Ivy Leaguers not always the smartest
By Cheryl Lavin September 7, 2013 9:42PM
Updated: September 11, 2013 4:36PM
Does an Ivy League education mean you’re smart? Not necessarily.
SAMANTHA: I flew to Latin America for a vacation last winter and sat next to a woman who immediately bragged about being an Ivy League grad.
She kept complaining about her biggest problem— her clothes getting wrinkled. We were arriving after dark, and she said she was going to pick up a rental car and immediately drive to another city “two hours away” where she had a hotel reservation.
She had never been in that country before and didn’t speak a word of Spanish. I had actually been to the city she was talking about. It was on the other side of a mountain range and a lot more than two hours away under the best of circumstances. What appears to be a road on the maps is actually more of a switchback donkey trail, crumbling away on the side of the mountains. If it’s raining up there, which is does frequently, it’s life-threatening.
Once you navigate the trail and get to the city, you encounter a labyrinth. The streets wind round in circles, and nothing is marked. Even the locals often get lost there.
I tried to convince her that for her own safety she should spend the first night in a hotel near the airport and make her over-the-mountains journey during the day when she could at least see where she was going, and might actually find an English-speaking person who could help her with directions if she got lost.
She was totally dismissive, insisting that she had already paid for everything in advance and knew much more about everything than I did.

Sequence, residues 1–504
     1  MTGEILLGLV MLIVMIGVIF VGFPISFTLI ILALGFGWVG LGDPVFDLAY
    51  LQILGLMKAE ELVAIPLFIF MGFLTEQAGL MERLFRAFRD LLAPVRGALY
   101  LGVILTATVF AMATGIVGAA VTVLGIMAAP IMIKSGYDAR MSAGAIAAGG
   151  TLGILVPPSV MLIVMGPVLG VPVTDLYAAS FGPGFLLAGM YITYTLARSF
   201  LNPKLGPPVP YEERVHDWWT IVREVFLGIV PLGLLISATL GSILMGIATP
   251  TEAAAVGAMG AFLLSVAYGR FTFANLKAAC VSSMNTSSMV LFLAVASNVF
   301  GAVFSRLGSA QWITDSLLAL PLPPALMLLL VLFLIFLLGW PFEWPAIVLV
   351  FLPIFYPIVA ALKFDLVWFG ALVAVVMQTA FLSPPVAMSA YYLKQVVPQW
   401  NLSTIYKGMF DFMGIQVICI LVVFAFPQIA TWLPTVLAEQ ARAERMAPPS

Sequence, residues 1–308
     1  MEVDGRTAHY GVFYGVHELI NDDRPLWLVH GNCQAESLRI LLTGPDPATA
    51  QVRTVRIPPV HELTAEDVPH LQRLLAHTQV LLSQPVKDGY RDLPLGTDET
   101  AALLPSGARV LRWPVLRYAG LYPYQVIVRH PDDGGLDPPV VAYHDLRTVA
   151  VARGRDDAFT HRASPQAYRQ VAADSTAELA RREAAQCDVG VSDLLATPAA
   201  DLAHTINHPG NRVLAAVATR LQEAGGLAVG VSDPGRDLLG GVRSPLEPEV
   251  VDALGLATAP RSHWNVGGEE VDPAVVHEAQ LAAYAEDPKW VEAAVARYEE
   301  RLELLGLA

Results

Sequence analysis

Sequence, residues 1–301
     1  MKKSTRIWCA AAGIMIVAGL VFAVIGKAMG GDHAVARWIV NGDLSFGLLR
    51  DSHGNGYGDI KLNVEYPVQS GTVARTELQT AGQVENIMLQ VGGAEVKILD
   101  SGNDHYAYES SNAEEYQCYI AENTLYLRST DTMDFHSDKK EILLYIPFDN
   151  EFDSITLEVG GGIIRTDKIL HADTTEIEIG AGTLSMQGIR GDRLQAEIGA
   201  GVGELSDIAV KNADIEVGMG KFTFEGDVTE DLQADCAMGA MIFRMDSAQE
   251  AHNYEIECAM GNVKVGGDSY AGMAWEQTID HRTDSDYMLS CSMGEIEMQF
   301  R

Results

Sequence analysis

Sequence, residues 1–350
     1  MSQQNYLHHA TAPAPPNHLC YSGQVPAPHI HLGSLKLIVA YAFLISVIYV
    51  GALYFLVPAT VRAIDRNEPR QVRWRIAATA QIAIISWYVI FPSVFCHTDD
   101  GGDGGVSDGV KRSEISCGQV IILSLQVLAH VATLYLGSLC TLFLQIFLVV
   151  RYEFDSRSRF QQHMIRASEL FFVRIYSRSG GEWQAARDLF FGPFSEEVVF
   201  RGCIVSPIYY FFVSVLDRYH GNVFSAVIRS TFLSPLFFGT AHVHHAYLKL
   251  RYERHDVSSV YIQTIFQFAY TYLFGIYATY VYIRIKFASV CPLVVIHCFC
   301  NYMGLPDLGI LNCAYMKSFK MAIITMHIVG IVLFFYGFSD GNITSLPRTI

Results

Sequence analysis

I’m sure she was ultimately OK since I didn’t read anything in the news about an American woman sliding off the side of a cliff or anything, but I’m sure she got a lot more adventure than she bargained for.
We recently heard from a woman who complained that her Harvard degree was intimidating to men. Was it really the degree that was the turn-off?
GRETCHEN: I would ask her to try to remember where her last five dates went to school, what their degrees were, where they currently work and what their position are. If she can’t, then there’s a good chance she’s spending too much time talking about herself and her accomplishments. That would be the turn-off.
I have a master’s degree and a six-figure salary. My spouse has a couple of years of college and has rarely made more money than me. In fact, he has often made a whole lot less.
But you know what? He’s extremely intelligent and has loads of common sense and ingenuity. He’s more than able to hold his own with my Harvard-educated father.
The difference in our education, careers and salaries isn’t an issue in our relationship because we don’t make it one. He’s very proud of my accomplishments and I’m proud of his.
I think this woman is leading with her qualifications. She’s treating a date like a job interview. She needs to cool it, not because it’s intimidating, but because it’s boorish.
Did opposites attract in your relationship? Or repel? Send your tale, along with your questions, problems and rants to firstname.lastname@example.org. And check out my new website askcheryl.net.